For the record, as a conservative, Christian Republican, here are a few things I believe:
That we are all children of God, created in His image, which means that racism is a repugnant sin against God because it means calling some people inferior simply because of the way the Lord created them…
That all babies of all races are precious from the moment of their creation and their lives deserve protection from the abortion lobby, which has targeted and been especially deadly for African-American babies…
That every person deserves a shot at earning the American Dream through their own study, hard work, and initiative, not through those in authority picking winners and losers…
That the goal of school policy should be providing every child with the best possible education, and that parents should be allowed to decide whether that means public, private, church, or home school. There is nothing sacred about teachers’ unions or the public school “system.” The only sacred priority should be the children…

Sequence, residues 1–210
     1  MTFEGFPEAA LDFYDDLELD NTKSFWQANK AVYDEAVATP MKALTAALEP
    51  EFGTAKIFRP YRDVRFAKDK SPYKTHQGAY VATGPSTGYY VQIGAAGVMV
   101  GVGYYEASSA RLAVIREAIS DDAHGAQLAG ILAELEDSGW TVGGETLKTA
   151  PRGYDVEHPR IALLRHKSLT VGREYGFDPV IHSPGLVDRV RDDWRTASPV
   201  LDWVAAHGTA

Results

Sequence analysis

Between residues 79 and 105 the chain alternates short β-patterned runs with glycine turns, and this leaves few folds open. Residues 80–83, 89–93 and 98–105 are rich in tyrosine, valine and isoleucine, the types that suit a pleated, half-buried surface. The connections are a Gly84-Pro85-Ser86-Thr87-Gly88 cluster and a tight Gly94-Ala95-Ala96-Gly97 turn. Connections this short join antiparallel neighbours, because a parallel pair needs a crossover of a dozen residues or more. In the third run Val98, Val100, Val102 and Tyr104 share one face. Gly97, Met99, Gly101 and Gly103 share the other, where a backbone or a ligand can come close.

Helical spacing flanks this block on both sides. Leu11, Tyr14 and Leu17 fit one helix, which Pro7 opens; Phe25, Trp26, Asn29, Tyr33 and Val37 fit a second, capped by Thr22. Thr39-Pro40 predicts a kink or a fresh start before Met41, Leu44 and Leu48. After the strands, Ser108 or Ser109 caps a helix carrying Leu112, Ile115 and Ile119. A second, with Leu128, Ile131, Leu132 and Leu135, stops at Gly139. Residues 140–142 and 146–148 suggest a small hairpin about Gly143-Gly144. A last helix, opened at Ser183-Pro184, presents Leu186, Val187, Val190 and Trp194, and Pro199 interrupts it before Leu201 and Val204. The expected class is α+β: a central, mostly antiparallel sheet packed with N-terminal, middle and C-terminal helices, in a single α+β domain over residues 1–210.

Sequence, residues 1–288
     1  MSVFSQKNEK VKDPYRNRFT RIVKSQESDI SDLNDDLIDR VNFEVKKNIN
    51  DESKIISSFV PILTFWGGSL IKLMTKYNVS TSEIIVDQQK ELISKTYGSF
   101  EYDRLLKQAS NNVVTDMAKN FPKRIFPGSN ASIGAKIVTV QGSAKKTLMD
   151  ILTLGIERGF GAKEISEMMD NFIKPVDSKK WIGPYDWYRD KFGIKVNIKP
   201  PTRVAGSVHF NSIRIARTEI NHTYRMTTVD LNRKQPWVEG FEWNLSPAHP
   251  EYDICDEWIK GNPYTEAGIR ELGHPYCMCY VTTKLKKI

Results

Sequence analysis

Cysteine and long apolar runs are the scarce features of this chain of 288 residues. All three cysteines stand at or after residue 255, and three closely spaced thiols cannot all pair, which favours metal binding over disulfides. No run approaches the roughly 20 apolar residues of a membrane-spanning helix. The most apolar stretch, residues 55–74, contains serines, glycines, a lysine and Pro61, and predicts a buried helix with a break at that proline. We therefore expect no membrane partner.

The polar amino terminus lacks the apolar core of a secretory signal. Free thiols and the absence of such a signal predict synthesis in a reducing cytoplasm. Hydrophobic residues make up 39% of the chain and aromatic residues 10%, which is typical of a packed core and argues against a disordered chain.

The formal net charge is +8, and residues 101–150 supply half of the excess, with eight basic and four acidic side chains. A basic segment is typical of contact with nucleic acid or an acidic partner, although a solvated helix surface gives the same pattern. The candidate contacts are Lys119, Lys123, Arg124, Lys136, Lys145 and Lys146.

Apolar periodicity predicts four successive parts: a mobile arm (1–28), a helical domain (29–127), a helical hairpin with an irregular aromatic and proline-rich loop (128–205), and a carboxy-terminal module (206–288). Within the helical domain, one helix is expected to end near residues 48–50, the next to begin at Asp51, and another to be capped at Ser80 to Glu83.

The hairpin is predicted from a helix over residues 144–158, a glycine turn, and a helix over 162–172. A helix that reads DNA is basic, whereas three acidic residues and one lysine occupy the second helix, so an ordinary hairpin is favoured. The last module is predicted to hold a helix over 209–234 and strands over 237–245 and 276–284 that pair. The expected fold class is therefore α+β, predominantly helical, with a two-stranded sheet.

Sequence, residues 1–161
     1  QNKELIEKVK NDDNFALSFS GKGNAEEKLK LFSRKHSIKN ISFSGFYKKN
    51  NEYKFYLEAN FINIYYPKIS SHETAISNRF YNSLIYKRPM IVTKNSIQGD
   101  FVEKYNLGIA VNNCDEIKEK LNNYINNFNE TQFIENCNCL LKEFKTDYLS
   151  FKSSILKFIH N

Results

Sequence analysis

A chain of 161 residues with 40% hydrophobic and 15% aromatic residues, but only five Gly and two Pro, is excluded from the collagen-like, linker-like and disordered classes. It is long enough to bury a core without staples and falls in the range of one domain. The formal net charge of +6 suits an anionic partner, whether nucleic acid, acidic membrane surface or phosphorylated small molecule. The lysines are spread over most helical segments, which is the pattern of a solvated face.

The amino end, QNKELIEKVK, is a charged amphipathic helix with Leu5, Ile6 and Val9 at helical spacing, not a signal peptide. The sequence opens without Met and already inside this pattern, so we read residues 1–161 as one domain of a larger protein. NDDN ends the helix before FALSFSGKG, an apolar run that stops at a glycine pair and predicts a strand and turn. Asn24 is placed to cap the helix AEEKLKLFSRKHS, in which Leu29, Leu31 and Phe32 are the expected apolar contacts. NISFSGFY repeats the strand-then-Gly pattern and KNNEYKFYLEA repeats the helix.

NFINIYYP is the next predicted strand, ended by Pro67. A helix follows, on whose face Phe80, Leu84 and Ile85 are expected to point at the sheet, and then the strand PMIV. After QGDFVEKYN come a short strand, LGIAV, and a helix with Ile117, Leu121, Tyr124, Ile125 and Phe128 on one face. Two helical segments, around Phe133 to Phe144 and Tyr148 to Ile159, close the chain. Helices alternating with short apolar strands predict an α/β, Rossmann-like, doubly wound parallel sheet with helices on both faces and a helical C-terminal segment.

That the Bill of Rights and the legal due process rights that flow from it must be protected for every person of every race -- particularly the Second Amendment, which allowed black people to protect themselves from racist threats at a time when official authorities refused to do so…
That every individual has a right to think freely, express their thoughts freely, and debate those ideas openly, without fear of retribution, intimidation, or slander.
If you are black and agree with those things, then you don’t owe your vote to anyone just because they threaten to call you a traitor to your race if you refuse to support people who oppose your own principles.
If you wonder why the media fixated so much on something so dumb as whether President Trump wore a facemask when touring the Ford plant in Michigan, maybe it’s because it gave them something to talk about other than what he actually said there. And what he said was that churches are essential, he wants them to reopen and has talked to the CDC about that, and that blue state Governors who target churches and keep them closed will risk him overriding their rules.